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No More Teeth Grinding


The COVID-19 pandemic has probably changed a lot about the way you live your life, and with it has come uncertainty, altered daily routines, economic pressures, and social isolation.

You may worry about getting sick, how long the pandemic will last, and what the future will bring. Too much information, rumors, and misinformation can make you feel out of control and unclear about what to do.


During the COVID-19 pandemic, you may feel stress, anxiety, fear, sadness, and loneliness. Mental health disorders, including anxiety and depression, may worsen.



Teeth grinding (also called bruxism) is often related to stress or anxiety.

It does not always cause symptoms, but some people get facial pain and headaches, and it can wear down your teeth over time. Most people who grind their teeth and clench their jaw are not aware they're doing it. It often happens during sleep, or while concentrating or under stress.


Night guards are worn during sleep to combat teeth grinding. These mouthpieces hold the jaw in a certain position and/or provide a barrier to minimize tooth damage from grinding. Some mouthguards also place the jaw in a slightly open position, allowing the masseter muscles (chewing muscles) to relax all night. While they don’t cure sleep bruxism, mouthguards can decrease the impact of bruxism, reduce the wear-and-tear of teeth, reduce morning headaches, and improve sleep quality.


Symptoms of teeth grinding include:

  • Facial painheadaches

  • Earachepain and stiffness in the jaw joint (temporomandibular joint) and surrounding muscles.

  • Temporomandibular disorder (TMD)

  • Disrupted sleep (for you or your partner)

  • Worn-down teeth, which can lead to increased sensitivity and even tooth lossbroken teeth or fillings

Dental approaches

  • Splints and mouth guards. These are designed to keep teeth separated to avoid the damage caused by clenching and grinding. They can be constructed of hard acrylic or soft materials and fit over your upper or lower teeth.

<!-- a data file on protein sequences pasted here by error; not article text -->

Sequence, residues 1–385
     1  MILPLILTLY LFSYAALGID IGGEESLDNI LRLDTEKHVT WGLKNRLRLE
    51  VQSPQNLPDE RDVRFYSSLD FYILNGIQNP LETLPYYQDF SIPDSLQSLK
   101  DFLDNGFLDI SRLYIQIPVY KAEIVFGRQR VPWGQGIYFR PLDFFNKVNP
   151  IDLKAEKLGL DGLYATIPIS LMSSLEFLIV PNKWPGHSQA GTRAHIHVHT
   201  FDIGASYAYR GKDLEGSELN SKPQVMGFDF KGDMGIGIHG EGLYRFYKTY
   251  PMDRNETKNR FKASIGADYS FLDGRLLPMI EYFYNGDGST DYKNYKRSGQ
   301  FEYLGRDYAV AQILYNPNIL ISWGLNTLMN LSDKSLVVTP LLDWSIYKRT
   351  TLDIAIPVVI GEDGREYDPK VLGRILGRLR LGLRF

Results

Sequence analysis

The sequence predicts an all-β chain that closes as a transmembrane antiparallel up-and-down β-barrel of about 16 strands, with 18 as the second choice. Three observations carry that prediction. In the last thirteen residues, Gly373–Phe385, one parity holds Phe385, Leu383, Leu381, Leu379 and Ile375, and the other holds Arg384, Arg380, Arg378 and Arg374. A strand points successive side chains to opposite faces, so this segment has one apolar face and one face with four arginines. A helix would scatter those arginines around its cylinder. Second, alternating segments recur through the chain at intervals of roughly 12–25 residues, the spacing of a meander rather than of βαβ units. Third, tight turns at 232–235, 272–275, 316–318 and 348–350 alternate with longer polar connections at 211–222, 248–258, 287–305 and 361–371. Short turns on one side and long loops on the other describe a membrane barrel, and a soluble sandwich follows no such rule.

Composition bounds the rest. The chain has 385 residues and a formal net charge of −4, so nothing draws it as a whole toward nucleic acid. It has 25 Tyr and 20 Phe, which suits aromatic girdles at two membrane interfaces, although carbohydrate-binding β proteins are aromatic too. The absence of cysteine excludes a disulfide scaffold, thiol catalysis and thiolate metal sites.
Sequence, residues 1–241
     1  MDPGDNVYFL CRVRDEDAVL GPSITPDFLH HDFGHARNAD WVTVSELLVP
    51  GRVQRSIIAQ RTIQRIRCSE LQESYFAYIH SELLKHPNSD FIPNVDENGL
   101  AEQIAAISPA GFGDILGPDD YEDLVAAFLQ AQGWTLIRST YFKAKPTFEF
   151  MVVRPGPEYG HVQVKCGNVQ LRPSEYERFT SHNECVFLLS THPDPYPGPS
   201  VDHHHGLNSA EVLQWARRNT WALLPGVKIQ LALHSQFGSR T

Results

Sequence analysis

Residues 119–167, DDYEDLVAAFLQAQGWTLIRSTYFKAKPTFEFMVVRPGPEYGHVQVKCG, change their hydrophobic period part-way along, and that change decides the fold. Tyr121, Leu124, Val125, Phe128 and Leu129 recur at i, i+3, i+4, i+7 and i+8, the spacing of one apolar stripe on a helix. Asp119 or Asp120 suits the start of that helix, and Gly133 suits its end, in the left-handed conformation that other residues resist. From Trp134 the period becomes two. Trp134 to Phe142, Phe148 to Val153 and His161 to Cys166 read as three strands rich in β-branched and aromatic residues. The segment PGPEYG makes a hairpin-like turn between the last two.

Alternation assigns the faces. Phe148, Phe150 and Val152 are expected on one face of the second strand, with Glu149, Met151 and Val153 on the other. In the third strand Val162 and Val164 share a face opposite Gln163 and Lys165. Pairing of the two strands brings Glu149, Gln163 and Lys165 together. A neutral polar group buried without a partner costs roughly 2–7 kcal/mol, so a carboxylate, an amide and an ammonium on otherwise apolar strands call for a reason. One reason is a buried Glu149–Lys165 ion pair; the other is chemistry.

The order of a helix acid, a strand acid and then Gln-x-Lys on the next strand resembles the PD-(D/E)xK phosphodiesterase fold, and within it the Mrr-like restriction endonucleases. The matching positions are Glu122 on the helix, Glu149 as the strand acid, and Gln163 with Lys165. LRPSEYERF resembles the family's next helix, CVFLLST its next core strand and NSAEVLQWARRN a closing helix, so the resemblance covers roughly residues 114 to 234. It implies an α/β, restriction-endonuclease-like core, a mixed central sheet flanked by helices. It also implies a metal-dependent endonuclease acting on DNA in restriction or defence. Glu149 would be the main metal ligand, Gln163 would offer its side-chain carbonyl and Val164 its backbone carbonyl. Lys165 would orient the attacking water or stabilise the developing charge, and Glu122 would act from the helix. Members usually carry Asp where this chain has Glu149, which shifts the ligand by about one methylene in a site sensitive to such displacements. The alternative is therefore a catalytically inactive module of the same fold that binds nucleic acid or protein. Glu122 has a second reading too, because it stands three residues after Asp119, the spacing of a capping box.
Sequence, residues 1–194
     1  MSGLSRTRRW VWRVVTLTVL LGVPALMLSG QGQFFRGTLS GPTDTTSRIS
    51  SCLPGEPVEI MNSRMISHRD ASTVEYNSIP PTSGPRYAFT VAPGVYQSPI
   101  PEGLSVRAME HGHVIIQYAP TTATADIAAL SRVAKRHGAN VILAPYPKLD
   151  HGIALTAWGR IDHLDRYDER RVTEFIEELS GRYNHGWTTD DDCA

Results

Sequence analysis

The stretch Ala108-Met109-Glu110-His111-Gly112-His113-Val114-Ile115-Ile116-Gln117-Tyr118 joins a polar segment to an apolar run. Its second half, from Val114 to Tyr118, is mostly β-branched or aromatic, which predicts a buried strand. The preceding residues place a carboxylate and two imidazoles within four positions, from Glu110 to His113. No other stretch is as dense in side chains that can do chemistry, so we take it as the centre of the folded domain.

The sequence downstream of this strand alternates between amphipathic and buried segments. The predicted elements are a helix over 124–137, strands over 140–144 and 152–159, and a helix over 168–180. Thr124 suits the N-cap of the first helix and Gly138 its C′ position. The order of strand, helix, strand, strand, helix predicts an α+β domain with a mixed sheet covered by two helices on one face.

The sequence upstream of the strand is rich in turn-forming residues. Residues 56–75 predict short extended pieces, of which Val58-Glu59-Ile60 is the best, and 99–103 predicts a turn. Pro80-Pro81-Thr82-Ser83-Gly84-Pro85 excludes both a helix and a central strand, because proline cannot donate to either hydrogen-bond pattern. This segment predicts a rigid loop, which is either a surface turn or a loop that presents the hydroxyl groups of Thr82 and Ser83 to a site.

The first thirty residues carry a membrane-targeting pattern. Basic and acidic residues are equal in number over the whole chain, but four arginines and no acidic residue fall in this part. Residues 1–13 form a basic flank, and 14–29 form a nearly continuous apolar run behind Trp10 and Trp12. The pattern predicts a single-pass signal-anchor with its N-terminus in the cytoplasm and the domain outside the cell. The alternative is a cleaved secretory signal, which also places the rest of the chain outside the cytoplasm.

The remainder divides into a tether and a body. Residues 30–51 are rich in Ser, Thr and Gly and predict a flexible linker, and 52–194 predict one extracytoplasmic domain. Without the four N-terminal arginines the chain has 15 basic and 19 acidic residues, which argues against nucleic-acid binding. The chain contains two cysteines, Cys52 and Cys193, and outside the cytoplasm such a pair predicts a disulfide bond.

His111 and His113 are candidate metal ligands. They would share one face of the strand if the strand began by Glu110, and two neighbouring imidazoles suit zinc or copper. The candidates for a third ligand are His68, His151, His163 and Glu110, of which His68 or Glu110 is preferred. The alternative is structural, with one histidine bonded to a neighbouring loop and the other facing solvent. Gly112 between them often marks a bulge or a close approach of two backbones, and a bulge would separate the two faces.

• Dental correction. In severe cases — when tooth wear has led to sensitivity or the inability to chew properly — your dentist may need to reshape the chewing surfaces of your teeth or use crowns to repair the damage.

Other approaches

One or more of these approaches may help relieve bruxism:

  • Stress or anxiety management. If you grind your teeth because of stress, you may be able to prevent the problem by learning strategies that promote relaxation, such as meditation. If the bruxism is related to anxiety, advice from a licensed therapist or counselor may help.

  • Behavior change. Once you discover that you have bruxism, you may be able to change the behavior by practicing proper mouth and jaw position. Ask your dentist to show you the best position for your mouth and jaw.

  • Biofeedback. If you're having a hard time changing your habits, you may benefit from biofeedback, a method that uses monitoring procedures and equipment to teach you to control muscle activity in your jaw.

Medications

In general, medications aren't very effective for treatment of bruxism, and more research is needed to determine their effectiveness. Examples of medications that may be used for bruxism include:

  • Muscle relaxants. In some cases, your doctor may suggest taking a muscle relaxant before bedtime, for a short period of time.

  • Botox injections. Injections of Botox, a form of botulinum toxin, may help some people with severe bruxism who don't respond to other treatments.

  • Medication for anxiety or stress. Your doctor may recommend short-term use of antidepressants or anti-anxiety medications to help you deal with stress or other emotional issues that may be causing your bruxism.

Treating associated disorders

Treatment for associated disorders may include:

  • Medications. If you develop bruxism as a side effect of a drug, your doctor may change your medication or prescribe a different one.

  • Sleep-related disorders. Addressing sleep-related disorders such as sleep apnea may improve sleep bruxism.

  • Medical conditions. If an underlying medical condition, such as gastroesophageal reflux disease (GERD), is identified as the cause, treating this condition may improve bruxism.

Lifestyle and home remedies

These self-care steps may prevent or help treat bruxism:

  • Reduce stress. Listening to music, taking a warm bath or exercising can help you relax and may reduce your risk of developing bruxism.

  • Avoid stimulating substances in the evening. Don't drink caffeinated coffee or caffeinated tea after dinner and avoid alcohol during the evening, as they may worsen bruxism.

  • Practice good sleep habits. Getting a good night's sleep, which may include treatment for sleep problems, may help reduce bruxism.

  • Talk to your sleep partner. If you have a sleeping partner, ask him or her to be aware of any grinding or clicking sounds that you might make while sleeping so you can report this to your dentist or doctor.

Schedule regular dental exams. Dental exams are the best way to identify bruxism. Your dentist can spot signs of bruxism in your mouth and jaw during regular visits and exams.





Any question please ask us. Make an appointment for a regular check-up at Empower Your Smile.


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